Interviews can become a significant cost for companies who require multiple levels of interviews or make a large number of hires. By improving the process and looking beyond what’s been done and focusing on what’s really best, efficiencies can be found. For some companies, cutting a single step of the process - which may be overkill anyway - could save hundreds of staff hours. That’s a saving of cost and time that you may not be able to squeeze out of any other business process, but you can here. Imagine what your company could do with the money and hours you could get back by making a simple change.

The candidate experience effect

So much of the candidate experience comes down to the few times they actually see a representative of your company - when they interview. Of course, the candidate experience starts much earlier and goes far beyond, but there’s nothing more memorable than a face-to-face conversation with the people you hope to work with. This means that improving your interviews is bound to have an effect on candidate experience. Imagine if a company conducted concise, productive interviews, asked the right questions to really get to know you, and included only people that were vital to the process but not so many that the experience was overwhelming. It sounds ideal, I know, but it’s what happens when interviews are strategically planned and executed, and the positive candidate experience is a really fortunate outcome. This kind of experience leads to candidates who are excited about your company and being on your team, whether they are chosen in the end or not.

Gain a competitive advantage

Improving your interview processes can save time and money, improve candidate experience and lead to better hires, and it can give you a distinct advantage over those companies striving to hire the same great candidates you’re wooing. In a competitive talent marketplace, being fast, efficient and creating great experiences will make you the envy of those bogged down in red tape and slow decision making. An optimized interview process makes selection simple and quick, and yields the hires you want, not the ones that were left when your first choices reported back that they had moved on to another opportunity. This competitive advantage in hiring could just lead to a competitive advantage in the market as well.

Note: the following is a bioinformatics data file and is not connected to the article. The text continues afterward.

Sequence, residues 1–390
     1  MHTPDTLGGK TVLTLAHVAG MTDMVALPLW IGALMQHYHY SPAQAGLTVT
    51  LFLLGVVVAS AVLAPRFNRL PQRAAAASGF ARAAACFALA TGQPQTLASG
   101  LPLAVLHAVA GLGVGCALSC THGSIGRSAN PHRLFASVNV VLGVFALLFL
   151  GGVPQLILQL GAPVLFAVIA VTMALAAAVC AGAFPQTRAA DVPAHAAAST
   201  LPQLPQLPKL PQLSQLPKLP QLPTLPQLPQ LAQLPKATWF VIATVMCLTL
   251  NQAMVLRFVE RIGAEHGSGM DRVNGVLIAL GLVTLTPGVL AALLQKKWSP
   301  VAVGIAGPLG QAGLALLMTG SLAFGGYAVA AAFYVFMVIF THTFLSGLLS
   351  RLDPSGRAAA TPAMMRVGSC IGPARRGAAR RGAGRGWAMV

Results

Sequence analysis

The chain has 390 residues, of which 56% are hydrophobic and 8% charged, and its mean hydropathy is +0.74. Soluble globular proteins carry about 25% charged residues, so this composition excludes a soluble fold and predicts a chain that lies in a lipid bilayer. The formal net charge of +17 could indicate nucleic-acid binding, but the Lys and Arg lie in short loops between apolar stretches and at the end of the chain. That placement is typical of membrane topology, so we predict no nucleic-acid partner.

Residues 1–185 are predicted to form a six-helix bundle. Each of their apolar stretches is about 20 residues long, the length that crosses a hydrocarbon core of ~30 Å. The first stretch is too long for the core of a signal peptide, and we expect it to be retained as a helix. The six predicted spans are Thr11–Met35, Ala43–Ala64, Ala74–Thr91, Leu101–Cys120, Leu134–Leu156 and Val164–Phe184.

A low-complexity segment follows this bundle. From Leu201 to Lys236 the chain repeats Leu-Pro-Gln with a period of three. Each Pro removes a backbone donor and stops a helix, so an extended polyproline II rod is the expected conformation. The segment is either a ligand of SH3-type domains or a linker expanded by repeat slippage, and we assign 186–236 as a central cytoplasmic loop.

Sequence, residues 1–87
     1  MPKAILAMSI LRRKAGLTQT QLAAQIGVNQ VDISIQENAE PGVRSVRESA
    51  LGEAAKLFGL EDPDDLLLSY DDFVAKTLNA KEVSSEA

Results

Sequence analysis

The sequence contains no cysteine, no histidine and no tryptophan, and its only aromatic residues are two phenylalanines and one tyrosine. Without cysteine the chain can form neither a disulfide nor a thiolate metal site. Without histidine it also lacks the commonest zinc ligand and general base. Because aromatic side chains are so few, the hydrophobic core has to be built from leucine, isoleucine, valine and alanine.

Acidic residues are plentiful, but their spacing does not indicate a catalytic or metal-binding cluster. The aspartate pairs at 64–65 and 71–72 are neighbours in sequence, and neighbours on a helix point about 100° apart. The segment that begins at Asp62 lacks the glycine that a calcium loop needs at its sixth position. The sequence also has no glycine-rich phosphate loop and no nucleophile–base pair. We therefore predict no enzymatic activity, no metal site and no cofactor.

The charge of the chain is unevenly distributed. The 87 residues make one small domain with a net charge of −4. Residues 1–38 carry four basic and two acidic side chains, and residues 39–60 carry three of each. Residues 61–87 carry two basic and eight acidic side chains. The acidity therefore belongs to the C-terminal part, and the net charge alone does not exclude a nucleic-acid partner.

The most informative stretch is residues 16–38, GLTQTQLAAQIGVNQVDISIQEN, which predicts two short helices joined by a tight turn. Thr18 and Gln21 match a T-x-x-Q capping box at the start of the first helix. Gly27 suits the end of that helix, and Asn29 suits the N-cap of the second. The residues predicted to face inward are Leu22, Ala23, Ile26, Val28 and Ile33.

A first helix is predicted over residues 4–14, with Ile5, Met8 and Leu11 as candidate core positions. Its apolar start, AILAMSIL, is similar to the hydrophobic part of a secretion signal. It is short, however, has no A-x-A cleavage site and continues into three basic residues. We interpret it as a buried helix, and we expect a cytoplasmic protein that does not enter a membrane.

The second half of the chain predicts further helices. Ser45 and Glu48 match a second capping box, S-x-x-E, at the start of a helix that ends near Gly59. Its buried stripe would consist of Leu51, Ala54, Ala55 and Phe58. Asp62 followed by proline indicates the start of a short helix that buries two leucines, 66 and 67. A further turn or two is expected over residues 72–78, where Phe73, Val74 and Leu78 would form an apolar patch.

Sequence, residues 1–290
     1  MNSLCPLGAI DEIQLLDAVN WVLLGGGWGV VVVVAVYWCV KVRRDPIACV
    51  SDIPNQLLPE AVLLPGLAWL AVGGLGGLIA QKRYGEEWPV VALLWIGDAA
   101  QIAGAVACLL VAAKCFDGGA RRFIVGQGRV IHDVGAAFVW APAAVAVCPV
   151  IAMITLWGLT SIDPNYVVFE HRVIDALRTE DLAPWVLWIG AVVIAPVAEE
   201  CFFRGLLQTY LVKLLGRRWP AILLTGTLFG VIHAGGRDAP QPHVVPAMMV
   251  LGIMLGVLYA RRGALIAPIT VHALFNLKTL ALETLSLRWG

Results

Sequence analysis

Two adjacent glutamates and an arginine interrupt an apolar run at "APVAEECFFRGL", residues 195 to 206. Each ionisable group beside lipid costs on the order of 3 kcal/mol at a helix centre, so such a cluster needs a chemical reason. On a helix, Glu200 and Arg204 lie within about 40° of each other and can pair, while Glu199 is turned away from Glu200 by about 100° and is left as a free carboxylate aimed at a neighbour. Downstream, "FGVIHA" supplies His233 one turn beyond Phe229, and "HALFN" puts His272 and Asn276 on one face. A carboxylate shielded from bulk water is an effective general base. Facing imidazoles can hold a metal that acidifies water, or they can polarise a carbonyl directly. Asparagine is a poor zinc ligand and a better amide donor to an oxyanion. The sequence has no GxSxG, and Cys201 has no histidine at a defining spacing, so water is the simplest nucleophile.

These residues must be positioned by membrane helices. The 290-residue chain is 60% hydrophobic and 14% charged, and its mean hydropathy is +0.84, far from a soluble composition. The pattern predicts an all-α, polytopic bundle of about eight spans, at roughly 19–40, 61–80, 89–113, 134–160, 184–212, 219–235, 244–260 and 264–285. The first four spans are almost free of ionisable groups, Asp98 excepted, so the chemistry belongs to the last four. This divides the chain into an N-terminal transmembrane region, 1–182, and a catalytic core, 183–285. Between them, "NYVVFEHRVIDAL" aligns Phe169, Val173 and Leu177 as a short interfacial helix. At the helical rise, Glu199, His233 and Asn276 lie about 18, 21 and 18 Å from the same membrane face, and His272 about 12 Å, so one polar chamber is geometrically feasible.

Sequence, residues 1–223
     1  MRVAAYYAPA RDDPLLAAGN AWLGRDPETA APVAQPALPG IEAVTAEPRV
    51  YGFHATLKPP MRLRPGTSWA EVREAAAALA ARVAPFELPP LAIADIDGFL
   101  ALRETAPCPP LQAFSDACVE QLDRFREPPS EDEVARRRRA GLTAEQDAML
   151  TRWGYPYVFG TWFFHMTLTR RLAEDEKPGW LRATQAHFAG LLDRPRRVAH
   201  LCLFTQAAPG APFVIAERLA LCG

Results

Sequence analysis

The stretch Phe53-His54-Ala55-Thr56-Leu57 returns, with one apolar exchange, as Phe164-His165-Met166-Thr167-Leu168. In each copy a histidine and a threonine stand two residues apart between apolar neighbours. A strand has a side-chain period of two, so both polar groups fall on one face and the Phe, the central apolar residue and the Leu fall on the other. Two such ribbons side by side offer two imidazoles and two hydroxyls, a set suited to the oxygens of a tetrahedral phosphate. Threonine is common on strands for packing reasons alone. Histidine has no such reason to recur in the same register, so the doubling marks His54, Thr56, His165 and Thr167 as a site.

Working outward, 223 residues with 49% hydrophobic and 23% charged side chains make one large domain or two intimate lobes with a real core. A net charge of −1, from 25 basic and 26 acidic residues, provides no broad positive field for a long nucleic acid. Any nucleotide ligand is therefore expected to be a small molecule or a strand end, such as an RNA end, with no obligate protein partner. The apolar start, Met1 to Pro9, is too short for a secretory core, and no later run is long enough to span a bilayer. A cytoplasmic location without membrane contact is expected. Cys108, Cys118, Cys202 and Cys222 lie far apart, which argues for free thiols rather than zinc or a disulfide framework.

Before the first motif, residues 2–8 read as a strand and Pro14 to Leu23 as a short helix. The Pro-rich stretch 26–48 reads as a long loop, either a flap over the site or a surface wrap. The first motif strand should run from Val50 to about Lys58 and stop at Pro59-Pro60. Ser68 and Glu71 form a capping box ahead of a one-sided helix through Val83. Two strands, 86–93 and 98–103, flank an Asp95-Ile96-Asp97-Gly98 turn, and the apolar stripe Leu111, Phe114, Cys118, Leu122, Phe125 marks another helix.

In this example I have shared above, it was cost and time savings that were the driving motivations to optimize our interview process, but in the end these changes led to positive effects on quality of hire, the candidate experience and being better equipped to compete for the best talent. Many of these outcomes were unforeseen when we started. The return on making these changes goes beyond what you’ll immediately see on paper. For instance, the benefits of improving candidate experience and gaining a competitive advantage could affect your bottom line for years to come. If there’s just one area you evaluate this year, I encourage you to take a look at your company’s interview process and make small changes that can make a big difference.